Although we know them as impeccably clean-shaven today, it wasn’t always mandatory for our soldiers to be entirely smooth. In fact, since American Revolution, the standards the military imposed on its soldiers has changed drastically, mostly due to a lack of barbers and shaving tools during the 18th century. With Memorial Day quickly approaching, HOMMAGE looks back at a brief history of shaving in the American Armed Forces.
Boats and Bristles during the War of 1812
In the first 60-or-so years of the Navy, grooming regulations were pretty lax. Many sailors, despite having the option to wear longer beards, opted to keep their facial hair trimmed. But during the war of 1812 sideburns came into fashion and many sailors adopted muttonchops with enthusiasm. Sideburns even became a sort of trademark for many higher-ranked officers like Captain William Bainbridge, who’s facial hair was well known within the Navy. With the popularity of side-of-the-face facial hair, beards and moustaches took the back burner…that is, until the start of the Civil War in 1861.
Beards and Battalions during the Civil War
Finding any officer without a trace of facial hair during the American Civil War was a nearly impossible task. Beards, goatees, and moustaches were absolutely abundant, and soldiers and sailors adopted facial hair gladly. Even the Army, who had stricter grooming policies than the other branches of the Armed Forces until around 1801, sported a bevy of different facial hair styles during the Civil War. Of course, it was still expected for officers to keep their beards well groomed and taken care of, but there were some exceptions. Navy officers operating in colder climates, for example, often wore full, bushy beards for warmth, and those in submarines, with a (rather ironic) shortage of water, didn’t shave mostly out of necessity.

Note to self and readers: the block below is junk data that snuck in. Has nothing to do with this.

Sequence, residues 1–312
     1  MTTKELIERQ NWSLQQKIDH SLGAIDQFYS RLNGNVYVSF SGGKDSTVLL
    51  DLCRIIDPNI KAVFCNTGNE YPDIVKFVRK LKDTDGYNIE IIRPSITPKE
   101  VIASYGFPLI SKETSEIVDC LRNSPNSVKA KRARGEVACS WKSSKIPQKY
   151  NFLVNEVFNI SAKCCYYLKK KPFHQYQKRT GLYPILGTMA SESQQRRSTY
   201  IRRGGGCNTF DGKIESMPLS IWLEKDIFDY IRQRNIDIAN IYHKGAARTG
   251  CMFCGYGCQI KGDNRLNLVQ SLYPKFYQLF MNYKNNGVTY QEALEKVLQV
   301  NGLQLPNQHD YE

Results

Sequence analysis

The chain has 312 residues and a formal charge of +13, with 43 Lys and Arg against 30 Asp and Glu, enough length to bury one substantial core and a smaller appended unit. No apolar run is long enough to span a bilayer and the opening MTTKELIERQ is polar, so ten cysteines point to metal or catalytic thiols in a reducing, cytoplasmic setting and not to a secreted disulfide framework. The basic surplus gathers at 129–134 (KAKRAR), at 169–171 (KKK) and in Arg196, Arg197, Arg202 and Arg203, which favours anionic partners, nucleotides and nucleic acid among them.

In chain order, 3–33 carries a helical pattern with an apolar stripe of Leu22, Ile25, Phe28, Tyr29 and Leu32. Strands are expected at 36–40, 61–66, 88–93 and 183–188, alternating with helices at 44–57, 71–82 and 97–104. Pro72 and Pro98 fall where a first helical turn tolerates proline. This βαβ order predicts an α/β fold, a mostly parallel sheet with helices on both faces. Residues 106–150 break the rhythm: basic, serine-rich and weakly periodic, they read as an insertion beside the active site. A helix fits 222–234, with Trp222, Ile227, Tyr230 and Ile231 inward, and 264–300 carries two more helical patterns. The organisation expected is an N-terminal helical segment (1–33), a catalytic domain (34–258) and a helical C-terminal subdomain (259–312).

Clean Shaves in World War 1 and Beyond
Facial hair remained rather popular in the Armed Forces until World War 1 where chemical warfare was introduced. With this new development in combat, gas masks became an utter necessity. Masks needed to stay flush against the face and because beards could get in the way of that, regular shaving was written into the Army’s dress code policy. In fact, the new policy was so serious that soldiers were given razors in the GI kits so they could shave in the field and on the go. The Navy resisted the change for awhile longer than the Army did, but began adhering to a completely clean-shave policy in 1984.
Today, the policy to stay clean-shaven remains in all branches of the Armed Forces, but there are a few exceptions where policies are more relaxed.